Publication: Monitor Volume: 7 Issue: 70

Many economies whose export sectors–like Kazakhstan’s–are based on sales of energy and commodities are afflicted by what is known as Dutch disease. The large trade and current account surpluses which occur during periods of high energy prices can cause a country’s exchange rate to appreciate in real terms, either because the surpluses force down the price of foreign exchange, or because inflows of foreign currency cause the domestic money supply to grow rapidly and produce inflation. The stronger currency and inflation can make the country’s other exports uncompetitive on foreign markets, and make imports cheaper than domestically produced goods at home. In this way, the bounty of high export prices can become a recipe for prolonged industrial stagnation.

Its “oil economy” would seem to make Kazakhstan a natural candidate for Dutch disease. Its onset is already apparent in Russia: High prices for energy exports caused the money supply to rise nearly 70 percent last year. This helped keep producer price inflation above 30 percent, which caused the real exchange rate to rise by more than 20 percent. Imports therefore surged, especially in the fourth quarter and early 2001. Production growth in key import-competing industrial branches like automobiles and food processing ground to a halt in the first quarter of this year. Little relief is in sight for Russia this year–inflation rates seemed to have stabilized at around 25 percent, while the exchange rate remains stuck just below $US1 = 29 rubles.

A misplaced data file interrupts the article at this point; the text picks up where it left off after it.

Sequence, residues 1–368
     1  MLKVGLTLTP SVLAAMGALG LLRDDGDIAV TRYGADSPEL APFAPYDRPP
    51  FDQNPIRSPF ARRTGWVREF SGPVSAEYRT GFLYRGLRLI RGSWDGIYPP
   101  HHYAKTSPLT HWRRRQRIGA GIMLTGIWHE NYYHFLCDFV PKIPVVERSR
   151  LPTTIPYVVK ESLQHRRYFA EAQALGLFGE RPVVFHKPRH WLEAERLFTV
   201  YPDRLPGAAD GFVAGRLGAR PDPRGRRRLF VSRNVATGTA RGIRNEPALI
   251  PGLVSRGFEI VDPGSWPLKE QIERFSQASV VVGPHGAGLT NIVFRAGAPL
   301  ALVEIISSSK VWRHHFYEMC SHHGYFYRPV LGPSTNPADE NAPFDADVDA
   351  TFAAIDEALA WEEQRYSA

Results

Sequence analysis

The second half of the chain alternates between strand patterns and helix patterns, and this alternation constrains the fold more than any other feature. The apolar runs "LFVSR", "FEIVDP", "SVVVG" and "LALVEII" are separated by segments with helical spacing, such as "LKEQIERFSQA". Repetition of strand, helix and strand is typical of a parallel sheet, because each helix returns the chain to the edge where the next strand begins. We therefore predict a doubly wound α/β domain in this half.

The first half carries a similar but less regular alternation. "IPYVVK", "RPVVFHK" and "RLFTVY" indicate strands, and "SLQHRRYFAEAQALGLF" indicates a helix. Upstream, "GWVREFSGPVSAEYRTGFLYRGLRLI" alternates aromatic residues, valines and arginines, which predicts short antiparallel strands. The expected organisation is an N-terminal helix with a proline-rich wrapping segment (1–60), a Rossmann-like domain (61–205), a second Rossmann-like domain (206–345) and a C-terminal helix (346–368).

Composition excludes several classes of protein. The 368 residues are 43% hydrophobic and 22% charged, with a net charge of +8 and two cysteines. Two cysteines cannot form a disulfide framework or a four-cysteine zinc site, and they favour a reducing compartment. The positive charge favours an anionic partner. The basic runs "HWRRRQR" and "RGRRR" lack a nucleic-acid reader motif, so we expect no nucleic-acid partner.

So far, Kazakhstan had had better luck keeping the specter at bay. After depreciating by some 30 percent against the dollar in 1999, the tenge dropped another 7 percent last year in real terms–despite the oil boom. Consumer prices rose only 13 percent last year, as the National Bank of Kazakhstan (NBK) permitted the tenge to drift gradually downward in 2000. Also, Kazakhstan’s 2000 current account surplus in 2000 was only US$1.1 billion (6 percent of GDP–Reuters, April 4), compared to Russia’s mammoth US$46.3 billion surplus (19 percent of GDP). This relatively small surplus has made it easier for the NBK to buy dollars on the foreign exchange market without causing inflationary growth in the money supply. Also, the NBK’s foreign exchange reserves did not increase substantially last year, which helped keep money supply growth down to 10-13 percent.

This could now be changing, however. In February, the NBK’s cash reserves had grown to US$2.4 billion, up from only US$2.0 billion at the end of last year. February’s figure was close to the previous record level set in November 1997. Still, these reserves were only sufficient to purchase three months of imports, a level often viewed as barely adequate. By contrast, Russia has had cash reserves sufficient to cover five to six months of imports since mid-2000.

According to the NBK, its management of Kazakhstan’s exchange rate is a major reason for the country’s healthy economic growth rate (Reuters, April 4). The NBK believes that the tenge will continue to drift moderately downward in 2001: The bank has forecast an average exchange rate of US$1 = 154 tenge for the year (Reuters, December 2), compared to US$1 = 142 tenge in 2000. Through the first quarter of 2001, however, the exchange rate averaged US$1 = 144 tenge–stronger than the NBK’s forecast. Should the NBK be unable to prevent the tenge from appreciating in real terms this year, Kazakhstan could find that the “Dutch disease” is not Russia’s problem only.